Historic Wine Reform Effort Closer to Success
There is a good chance that the Pennsylvania House of Representatives will vote today on a proposal to privatize that state’s alcohol sales and distribution system. If the measure passes the house, it will move to the Senate. If the proposal successfully passes through the PA Senate, it will be signed into law by Governor Corbett, the person who has pushed hardest for privatization.
If the privatization effort is successful in Pennsylvania it will be among the most successful, pro-consumer reforms to occur in the wine business in decades. We hope it succeeds.
The selection of products available to PA residents as well as the conditions under which they may purchase those products is currently completely controlled by the state of Pennsylvania and it has been for 80 years. The upshot is that Pennsylvania wine lovers possess none of the benefits that derive from a free market in wine sales. There is no competition among stores to better serve and attract customers because the stores are all owned and operated by the same entity: the state. There is little in the way of innovation in the retail sale of wine in PA because the retail outlets have no competition-driven motivation to innovate.
The primary roadblock to the privatization of wine sales in PA are the unions. All the govt-owned and operated stores are unionized and stocked with union workers. The fear of the unions is that their members will lose their jobs. Some estimate suggest that 5,000 workers will lose their jobs if privatization is allowed to occur. In the past, the power of the union has stopped any privatization effort in its tracks. Not this time. I’m a pro-union guy. But at some point one must ask who ought to take priority? The served or the server?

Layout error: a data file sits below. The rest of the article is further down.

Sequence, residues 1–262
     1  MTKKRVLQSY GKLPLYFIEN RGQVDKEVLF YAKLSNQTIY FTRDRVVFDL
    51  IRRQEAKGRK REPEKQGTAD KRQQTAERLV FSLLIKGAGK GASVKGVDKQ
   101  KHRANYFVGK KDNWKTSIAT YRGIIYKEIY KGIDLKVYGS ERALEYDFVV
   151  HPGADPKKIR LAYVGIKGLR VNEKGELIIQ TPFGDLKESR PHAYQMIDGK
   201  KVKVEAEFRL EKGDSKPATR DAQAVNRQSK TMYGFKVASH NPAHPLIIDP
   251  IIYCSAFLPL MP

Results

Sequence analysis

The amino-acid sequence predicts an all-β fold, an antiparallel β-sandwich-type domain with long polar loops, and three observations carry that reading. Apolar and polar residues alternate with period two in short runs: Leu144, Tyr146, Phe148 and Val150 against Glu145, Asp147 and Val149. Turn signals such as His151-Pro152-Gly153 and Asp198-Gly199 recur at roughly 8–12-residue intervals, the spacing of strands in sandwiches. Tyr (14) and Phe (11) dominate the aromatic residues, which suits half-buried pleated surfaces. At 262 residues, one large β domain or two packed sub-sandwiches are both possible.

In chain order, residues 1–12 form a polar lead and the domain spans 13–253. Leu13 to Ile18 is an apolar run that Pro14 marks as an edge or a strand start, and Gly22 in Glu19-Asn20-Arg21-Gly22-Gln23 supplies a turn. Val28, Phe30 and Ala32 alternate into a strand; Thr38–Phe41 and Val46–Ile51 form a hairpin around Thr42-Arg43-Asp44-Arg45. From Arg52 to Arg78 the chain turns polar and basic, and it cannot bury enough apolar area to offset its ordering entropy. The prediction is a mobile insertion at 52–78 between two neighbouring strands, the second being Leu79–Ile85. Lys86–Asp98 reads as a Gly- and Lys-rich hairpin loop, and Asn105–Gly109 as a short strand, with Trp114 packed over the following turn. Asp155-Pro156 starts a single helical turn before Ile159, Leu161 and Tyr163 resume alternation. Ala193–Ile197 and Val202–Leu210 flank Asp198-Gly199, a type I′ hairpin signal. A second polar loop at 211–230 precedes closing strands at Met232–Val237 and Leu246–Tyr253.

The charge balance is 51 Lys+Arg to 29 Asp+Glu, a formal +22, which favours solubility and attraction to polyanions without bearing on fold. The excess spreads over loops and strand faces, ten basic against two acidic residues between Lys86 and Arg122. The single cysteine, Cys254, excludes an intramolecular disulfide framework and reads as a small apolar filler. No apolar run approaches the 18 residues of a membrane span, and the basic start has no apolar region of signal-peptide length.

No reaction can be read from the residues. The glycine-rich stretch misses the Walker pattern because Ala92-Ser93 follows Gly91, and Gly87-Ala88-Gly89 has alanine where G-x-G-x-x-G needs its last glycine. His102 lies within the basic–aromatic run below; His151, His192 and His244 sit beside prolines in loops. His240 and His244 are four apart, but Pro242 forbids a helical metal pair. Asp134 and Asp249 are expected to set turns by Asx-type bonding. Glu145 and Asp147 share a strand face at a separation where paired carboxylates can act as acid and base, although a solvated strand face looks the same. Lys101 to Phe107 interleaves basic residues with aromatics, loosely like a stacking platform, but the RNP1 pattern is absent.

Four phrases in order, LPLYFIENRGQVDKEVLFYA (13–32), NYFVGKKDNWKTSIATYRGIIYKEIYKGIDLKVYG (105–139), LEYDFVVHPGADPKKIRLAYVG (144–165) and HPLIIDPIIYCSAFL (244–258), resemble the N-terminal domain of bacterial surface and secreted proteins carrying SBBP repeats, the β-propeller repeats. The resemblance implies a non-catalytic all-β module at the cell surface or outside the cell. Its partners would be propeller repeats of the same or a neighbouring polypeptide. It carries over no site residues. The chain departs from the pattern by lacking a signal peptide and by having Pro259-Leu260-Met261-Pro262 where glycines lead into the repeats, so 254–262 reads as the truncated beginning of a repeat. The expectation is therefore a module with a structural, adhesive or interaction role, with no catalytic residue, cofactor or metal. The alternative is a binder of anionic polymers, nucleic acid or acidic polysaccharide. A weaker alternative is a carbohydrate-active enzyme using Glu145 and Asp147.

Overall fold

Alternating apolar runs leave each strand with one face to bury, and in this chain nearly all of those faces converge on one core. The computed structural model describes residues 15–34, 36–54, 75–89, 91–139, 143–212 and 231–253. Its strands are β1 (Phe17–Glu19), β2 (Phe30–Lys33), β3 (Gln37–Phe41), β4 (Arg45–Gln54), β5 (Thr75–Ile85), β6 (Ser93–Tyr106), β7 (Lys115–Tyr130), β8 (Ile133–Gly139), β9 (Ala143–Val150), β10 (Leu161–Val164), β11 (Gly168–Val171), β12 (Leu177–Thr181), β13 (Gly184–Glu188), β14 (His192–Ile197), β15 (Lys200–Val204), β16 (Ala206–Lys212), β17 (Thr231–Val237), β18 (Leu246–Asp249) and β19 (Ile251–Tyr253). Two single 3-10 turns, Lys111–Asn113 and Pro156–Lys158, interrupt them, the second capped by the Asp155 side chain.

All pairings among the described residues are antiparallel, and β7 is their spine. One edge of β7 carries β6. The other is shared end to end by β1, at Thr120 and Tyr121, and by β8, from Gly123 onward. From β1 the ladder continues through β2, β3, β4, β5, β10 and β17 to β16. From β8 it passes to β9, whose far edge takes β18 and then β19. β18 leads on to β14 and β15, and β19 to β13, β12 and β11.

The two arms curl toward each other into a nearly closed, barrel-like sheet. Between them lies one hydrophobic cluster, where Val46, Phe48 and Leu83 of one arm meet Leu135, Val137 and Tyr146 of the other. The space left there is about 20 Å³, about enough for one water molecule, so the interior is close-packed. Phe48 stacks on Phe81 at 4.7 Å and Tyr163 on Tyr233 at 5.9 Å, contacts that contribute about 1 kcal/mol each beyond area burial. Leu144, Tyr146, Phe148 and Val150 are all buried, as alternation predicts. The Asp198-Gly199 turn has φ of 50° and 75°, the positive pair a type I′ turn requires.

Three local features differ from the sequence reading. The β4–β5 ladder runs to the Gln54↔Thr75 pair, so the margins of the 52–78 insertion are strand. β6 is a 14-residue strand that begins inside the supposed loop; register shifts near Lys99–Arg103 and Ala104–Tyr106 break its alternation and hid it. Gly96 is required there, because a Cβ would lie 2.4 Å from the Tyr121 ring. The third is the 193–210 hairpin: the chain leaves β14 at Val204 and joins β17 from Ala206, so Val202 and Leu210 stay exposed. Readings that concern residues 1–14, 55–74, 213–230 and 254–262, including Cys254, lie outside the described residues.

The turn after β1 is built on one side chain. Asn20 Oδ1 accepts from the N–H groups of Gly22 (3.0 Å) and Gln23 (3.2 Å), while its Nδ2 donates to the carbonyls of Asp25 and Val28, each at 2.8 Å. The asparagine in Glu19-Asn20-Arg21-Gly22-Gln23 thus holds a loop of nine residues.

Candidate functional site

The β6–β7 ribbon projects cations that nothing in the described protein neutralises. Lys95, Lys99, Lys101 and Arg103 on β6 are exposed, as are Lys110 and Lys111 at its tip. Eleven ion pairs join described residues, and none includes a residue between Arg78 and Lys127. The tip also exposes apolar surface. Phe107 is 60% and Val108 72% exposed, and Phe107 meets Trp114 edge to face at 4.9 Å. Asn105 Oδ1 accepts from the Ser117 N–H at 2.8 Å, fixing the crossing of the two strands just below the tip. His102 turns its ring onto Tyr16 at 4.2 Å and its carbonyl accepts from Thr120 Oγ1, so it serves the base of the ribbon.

The unions are playing the role that wholesalers and distributors have played in most other states when reform efforts are afoot. Unions benefit from the current PA State monopoly on wine sales just as wholesalers benefit from the monopoly they possess in most states where various versions of the three-tier system guarantee them a cut of nearly every sale that takes place. It’s understandable why the union would oppose the privatization effort, just as it is understandable why wholesalers oppose most efforts to give consumers better access to wine.
America’s wholesalers have long said they do not take a position on privatization efforts. However, they spent millions of dollars trying to stop the privatization of liquor sales (and failed) in Washington State two years ago. Additionally, wholesalers and their representatives have spent a great deal of time since then attempting to paint any effort to reform a hideously archaic alcohol distribution system as “deregulation” of alcohol.
Of course, what’s happening in PA with its privatization effort is nothing like “deregulation”. It’s reform. The PA regulatory apparatus will continue to regulate all sales of alcohol in PA if the privatization effort succeeds. It will simply no longer hold a monopoly on the sale of alcohol.
If the privatization effort in PA succeeds politically, the real effort will then begin: transition to open markets and free trade. No matter how smooth or bumpy this transition to the free market goes, typical opponents of free trade and fair markets will point to any bump and say, “see, what a bad idea”. This is exactly what the losers in the Washington State privatization fight have done since the citizens there decided to reform an archaic system of alcohol distribution and put it in private hands. Ignore the naysayers if it comes to that.
Consumes in PA will be the winners if privatization succeeds. They will have better access to goods, better choice of products and better hopes of benefiting from a free market that breeds and encourages consumer-oriented innovations.